Oklahoma City forward Darius Bazley has the talent to become a foundational piece for Thunder basketball in the next decade.
For Bazley, there are flashes of a soft shooting stroke and shot creation on the perimeter. And those momentary flashes have forced people to hypothesize just how good he can be if he puts it all together. However, I am here to say, it’s not necessarily a question of if he puts it all together, but when.
And when that moment comes for Bazley, his game could look similar to prime Nicolas Batum.
Bazley’s rookie year can be characterized by incremental improvement and consistent development.
Early into the 2019-20 season, he pressed the issue offensively. He had these moments when you could be enamored with the size and mobility on the floor. And then he would also have moments in a play where you wondered what he was exactly thinking. That is the reality for any rookie in the NBA– it’s a learning process.
The 2019-20 season
October saw him play in five games, and he averaged 2.6 points per game and 3.6 rebounds in 17 minutes.
In November, he played in 13 games. In those games, he shot 44 percent from the floor and 38 percent from three, while also improving his points per game average to 5.5 per game.
December saw a slide in his counting stats–5.5 points per game to 3.0–but this could possibly be attributed to hitting the rookie wall. He started five out of 15 games and saw his usage rate improve by 0.5 percent–14.0 to 14.5.
In January, Bazley played in 17 games and started three of them. He hovered around 5.5 points per game, but his usage rate rose again, and his true shooting percentage sat around 51 percent. He also saw an increase in his total minutes per game.
February only saw Bazley in three games, so that month can not be looked at in comparison to the others throughout last season. However, after the NBA hiatus, Bazley came back in August and had the best month of his career.
In August, he averaged 13 points per game, 6 rebounds, and 2 assists. He also saw the highest usage rate of his short career–19.0. The most remarkable thing about Bazley’s August run was that he shot 47 percent from three. And these weren’t just standstill catch and shoot threes. His usage rate indicates that he had the ball in his hands more, and at the end of the play he had the final say in whether it was a shot for him or an opportunity to create for a teammate.
The round one series against the Houston Rockets showcased how Bazley carried a higher level of comfort on the floor, as opposed to when his rookie year started.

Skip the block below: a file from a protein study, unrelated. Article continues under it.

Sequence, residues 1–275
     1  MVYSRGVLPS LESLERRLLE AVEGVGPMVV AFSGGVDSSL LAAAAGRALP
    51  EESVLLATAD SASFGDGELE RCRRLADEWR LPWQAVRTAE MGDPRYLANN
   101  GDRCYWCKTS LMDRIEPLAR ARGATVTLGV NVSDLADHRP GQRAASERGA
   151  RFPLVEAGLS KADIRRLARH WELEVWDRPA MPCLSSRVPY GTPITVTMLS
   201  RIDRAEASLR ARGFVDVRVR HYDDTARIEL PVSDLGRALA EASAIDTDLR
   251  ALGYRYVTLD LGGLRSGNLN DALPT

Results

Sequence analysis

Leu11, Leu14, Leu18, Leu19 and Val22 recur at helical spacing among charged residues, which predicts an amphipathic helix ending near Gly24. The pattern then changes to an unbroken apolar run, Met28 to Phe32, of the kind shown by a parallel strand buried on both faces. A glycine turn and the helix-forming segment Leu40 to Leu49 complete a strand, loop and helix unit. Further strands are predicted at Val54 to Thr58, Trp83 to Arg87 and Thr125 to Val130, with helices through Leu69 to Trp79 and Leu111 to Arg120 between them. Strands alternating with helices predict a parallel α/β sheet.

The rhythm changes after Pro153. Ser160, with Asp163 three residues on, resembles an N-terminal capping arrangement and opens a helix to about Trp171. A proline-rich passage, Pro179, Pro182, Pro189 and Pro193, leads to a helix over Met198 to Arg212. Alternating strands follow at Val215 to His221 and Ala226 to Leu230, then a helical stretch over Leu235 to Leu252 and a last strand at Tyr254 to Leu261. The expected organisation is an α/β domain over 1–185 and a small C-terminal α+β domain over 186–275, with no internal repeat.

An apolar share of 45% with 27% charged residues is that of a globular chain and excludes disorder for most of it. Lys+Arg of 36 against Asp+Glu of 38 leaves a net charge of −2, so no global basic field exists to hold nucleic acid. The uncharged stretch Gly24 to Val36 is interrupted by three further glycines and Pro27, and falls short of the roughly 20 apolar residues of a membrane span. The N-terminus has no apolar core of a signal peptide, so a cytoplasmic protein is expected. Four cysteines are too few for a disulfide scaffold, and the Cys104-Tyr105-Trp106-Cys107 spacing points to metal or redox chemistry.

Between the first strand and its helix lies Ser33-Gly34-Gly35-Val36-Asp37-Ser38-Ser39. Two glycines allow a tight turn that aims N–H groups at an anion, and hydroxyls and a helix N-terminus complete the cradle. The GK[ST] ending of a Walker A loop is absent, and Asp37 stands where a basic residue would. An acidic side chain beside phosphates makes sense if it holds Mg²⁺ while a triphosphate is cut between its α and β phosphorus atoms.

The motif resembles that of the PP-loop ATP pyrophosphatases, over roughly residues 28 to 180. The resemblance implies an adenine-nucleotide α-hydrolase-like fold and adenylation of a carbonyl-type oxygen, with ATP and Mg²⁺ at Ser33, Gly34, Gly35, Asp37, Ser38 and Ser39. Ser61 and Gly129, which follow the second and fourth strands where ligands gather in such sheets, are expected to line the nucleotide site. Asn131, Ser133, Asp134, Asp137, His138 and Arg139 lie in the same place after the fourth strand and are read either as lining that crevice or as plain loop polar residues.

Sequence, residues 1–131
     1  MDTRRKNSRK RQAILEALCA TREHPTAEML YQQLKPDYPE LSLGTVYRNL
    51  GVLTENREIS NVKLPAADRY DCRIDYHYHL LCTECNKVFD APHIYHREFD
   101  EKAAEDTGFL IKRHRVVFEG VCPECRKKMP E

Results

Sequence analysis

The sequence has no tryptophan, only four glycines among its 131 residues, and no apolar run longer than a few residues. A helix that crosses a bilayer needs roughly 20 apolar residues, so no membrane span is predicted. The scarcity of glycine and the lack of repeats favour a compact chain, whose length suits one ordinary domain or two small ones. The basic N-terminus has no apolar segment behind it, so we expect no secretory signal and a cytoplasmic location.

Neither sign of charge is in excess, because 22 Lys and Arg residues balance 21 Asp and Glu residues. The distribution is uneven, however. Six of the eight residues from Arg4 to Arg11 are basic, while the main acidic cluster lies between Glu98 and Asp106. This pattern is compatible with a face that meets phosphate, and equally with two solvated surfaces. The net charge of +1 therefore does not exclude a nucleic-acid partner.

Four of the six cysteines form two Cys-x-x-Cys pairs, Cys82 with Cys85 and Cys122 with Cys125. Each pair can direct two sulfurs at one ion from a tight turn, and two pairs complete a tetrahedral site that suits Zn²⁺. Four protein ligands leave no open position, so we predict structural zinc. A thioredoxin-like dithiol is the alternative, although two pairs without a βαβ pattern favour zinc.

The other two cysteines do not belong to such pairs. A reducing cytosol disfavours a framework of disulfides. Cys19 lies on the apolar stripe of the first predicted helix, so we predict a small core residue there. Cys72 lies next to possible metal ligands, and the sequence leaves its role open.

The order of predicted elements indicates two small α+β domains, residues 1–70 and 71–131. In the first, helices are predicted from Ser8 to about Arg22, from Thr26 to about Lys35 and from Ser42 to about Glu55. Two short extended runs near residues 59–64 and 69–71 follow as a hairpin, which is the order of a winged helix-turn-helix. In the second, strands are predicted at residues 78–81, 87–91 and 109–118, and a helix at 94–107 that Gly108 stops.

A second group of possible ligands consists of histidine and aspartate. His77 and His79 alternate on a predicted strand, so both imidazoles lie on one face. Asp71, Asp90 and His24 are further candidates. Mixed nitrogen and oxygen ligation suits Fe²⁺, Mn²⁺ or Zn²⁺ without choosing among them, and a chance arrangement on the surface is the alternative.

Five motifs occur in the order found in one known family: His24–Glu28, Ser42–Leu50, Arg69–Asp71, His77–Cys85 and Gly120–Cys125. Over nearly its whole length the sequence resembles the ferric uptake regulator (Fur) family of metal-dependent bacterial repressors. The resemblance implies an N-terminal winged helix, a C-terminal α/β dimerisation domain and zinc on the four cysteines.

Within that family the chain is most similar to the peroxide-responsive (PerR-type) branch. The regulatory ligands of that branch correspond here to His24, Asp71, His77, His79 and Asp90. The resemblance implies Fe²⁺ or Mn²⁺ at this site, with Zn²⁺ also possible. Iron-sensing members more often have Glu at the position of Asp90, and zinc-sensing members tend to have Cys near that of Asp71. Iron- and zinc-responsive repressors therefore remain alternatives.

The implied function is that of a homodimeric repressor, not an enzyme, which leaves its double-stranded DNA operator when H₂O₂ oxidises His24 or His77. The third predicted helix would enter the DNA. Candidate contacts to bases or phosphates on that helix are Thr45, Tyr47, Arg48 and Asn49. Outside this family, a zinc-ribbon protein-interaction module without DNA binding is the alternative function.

In seven games Bazley averaged 6.6 points per game and shot 50 percent from three. The 50 percent from three came on 3.5 attempts per game, and it looked as though he was shooting the ball with more confidence on the floor.
He saw an improvement in his Box Score Plus Minus, from -1.6 to 5.7. That improvement indicates there was an overall improvement in his efficiency and total value on the floor as an offensive player.
Other facets of his game that improved in the playoffs were his defensive rebounding, total rebounding, and assist percentages. His defensive rebounding percentage rose from 20.5 percent in the regular season to 36 percent in the playoffs. To put this into perspective Andre Drummond in his last playoff run held a defensive rebounding percentage of 29.3 percent. Bazley’s total rebounding percentage also rose in the playoffs from 12.0 in the regular season to 19.5 in the playoffs. Lastly, his assist percentage saw a slight bump under playoff pressure from 5.1 percent in the regular season to 7.0 in the playoffs.
Bazley played his best during the most important time of the NBA season, as a rookie. That is a positive indicator of just how good he can be. The advance stats show that when on the court his impact was trending in a great direction for any first-year player.
I can see Bazley falling into a very unique category for the Thunder during his career. He offers them mobility and size, but also he can create his own shot on the perimeter. For the first time since Kevin Durant, it feels like the Thunder have a frontcourt player that can have the offense run through them.
That is what makes him such an exciting project.
Player comparisons for future Bazley are tough, you have to take into account a player who moves as he does, and carries themselves on the court in a similar fashion. However, the one player that always comes to mind when I watch Bazley play is a young Nicolas Batum.
Their rookie year stat lines are eerily similar. Batum averaged 5.4 points per game and 3 rebounds, on 44 percent from the field and 36 percent from three. Yet, where you see it most is in how young Batum moves on the floor and attacks the basket.
Now check out this Bazley highlight tape in comparison.
Bazley is a unique player, but there is nothing new under the sun. His impressive rookie season is only the beginning of what should be a great Oklahoma City Thunder career.